Esta página no está disponible en español.
Perez Plans Changes
By Rebeca Logan
December 8, 2001
WASHINGTON -- The first Hispanic mayor of Hartford, Conn., Eddie Alberto Pérez, plans to make changes to broaden the responsibilities of the mayor's office.
After winning the Hartford mayoral election with nearly 70 percent of the vote, Pérez now faces the challenge of administering a city with a serious fiscal deficit, latent tensions between police and minorities and the threat of a public employees' strike.
The capital city's new mayor, a former gang member who grew up in a poor family, said he won the election by going door-to-door to visit voters in a city that is 40.5 percent Hispanic and 38.1 percent black.
The mayor-elect, sworn into office Tuesday, said he will use the same dedication to work to improve the quality of life for Hartford's 121,000 residents.
In an interview with the city's first Latino leader, Pérez noted he was elected because voters recognized the work he has done in Hartford over the years, and because he did not limit himself to collaborating with only Latinos. ty.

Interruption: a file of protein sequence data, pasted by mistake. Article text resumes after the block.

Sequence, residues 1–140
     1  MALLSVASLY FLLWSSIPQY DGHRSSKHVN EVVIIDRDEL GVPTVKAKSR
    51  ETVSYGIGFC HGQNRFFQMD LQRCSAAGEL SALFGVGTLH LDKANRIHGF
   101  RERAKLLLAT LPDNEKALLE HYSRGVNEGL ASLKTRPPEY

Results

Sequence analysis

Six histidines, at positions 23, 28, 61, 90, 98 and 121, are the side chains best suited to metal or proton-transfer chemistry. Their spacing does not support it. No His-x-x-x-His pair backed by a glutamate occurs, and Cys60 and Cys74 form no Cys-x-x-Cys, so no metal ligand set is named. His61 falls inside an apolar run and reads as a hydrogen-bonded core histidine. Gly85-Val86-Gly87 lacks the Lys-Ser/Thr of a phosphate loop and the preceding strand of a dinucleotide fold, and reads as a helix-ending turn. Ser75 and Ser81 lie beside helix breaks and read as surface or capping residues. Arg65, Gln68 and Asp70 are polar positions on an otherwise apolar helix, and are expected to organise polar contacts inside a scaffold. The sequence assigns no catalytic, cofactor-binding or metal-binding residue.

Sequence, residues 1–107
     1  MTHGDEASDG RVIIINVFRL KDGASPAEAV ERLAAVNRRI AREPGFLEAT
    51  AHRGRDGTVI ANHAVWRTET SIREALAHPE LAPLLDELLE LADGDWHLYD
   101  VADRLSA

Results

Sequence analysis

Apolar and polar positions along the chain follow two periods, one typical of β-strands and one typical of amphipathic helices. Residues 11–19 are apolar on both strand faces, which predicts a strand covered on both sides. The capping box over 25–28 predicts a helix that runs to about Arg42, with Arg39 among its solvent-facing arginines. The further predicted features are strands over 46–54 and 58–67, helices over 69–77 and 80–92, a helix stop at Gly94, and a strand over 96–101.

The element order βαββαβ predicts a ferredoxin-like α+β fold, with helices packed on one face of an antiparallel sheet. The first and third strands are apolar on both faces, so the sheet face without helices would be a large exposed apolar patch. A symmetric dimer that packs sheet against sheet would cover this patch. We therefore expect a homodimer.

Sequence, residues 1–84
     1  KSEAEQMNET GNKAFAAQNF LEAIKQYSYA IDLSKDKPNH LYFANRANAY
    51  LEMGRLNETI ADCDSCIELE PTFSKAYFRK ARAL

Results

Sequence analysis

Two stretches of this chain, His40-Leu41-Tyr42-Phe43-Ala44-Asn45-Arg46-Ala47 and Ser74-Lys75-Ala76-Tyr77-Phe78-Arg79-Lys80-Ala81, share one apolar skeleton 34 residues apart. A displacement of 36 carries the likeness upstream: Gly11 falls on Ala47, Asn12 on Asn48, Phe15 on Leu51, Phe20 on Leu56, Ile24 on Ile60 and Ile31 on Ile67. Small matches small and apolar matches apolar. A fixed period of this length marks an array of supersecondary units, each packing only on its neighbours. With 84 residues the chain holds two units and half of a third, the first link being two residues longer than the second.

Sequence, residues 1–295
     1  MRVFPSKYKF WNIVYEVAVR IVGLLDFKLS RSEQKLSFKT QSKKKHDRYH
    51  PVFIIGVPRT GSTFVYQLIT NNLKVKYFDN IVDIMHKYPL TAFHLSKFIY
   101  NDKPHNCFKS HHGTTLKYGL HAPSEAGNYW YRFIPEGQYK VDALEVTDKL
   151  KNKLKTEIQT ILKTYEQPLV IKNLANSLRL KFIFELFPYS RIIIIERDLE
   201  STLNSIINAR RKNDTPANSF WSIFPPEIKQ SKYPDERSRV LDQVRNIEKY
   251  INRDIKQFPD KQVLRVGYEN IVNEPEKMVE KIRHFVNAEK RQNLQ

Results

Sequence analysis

"I worked with several Hartford communities, including Anglos, African-Americans, Caribbeans and others. I have been working in the community for 23 years," said Pérez, who as the president of a non-profit organization, implemented a pilot program that brought more than $110 million into community work and education programs.
The mayor also attributed his success to a populist base.
"I never imagined that one day I'd be mayor. It's something that came to me, people came to me and said I was going to be the next mayor," Pérez said.
His recent decision to join the political arena is part of a commitment to fight for social justice and take advantage of the opportunity to bring about change, the mayor-elect said.
Although he knows he will face many challenges, Pérez says he already has a plan to improve the city's educational system, financial problems and a lack of affordable housing.
His first challenge will be to broaden mayoral powers, since, according to the city charter, the office carries few responsibilities.
Pérez plans to hold a referendum in November to re-write the city's charter.